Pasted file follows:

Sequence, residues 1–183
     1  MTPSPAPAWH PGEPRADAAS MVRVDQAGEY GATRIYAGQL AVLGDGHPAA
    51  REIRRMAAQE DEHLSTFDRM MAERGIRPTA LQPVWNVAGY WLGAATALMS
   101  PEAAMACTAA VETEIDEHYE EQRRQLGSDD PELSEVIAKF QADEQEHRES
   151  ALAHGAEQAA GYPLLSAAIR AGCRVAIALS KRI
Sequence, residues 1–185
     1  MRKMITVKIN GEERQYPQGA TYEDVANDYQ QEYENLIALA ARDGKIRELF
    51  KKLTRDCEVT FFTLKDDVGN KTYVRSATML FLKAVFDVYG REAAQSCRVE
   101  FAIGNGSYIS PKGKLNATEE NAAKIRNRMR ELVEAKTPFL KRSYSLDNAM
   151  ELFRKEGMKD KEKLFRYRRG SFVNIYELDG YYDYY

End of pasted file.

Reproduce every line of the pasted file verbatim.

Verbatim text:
Sequence, residues 1–183
     1  MTPSPAPAWH PGEPRADAAS MVRVDQAGEY GATRIYAGQL AVLGDGHPAA
    51  REIRRMAAQE DEHLSTFDRM MAERGIRPTA LQPVWNVAGY WLGAATALMS
   101  PEAAMACTAA VETEIDEHYE EQRRQLGSDD PELSEVIAKF QADEQEHRES
   151  ALAHGAEQAA GYPLLSAAIR AGCRVAIALS KRI
Sequence, residues 1–185
     1  MRKMITVKIN GEERQYPQGA TYEDVANDYQ QEYENLIALA ARDGKIRELF
    51  KKLTRDCEVT FFTLKDDVGN KTYVRSATML FLKAVFDVYG REAAQSCRVE
   101  FAIGNGSYIS PKGKLNATEE NAAKIRNRMR ELVEAKTPFL KRSYSLDNAM
   151  ELFRKEGMKD KEKLFRYRRG SFVNIYELDG YYDYY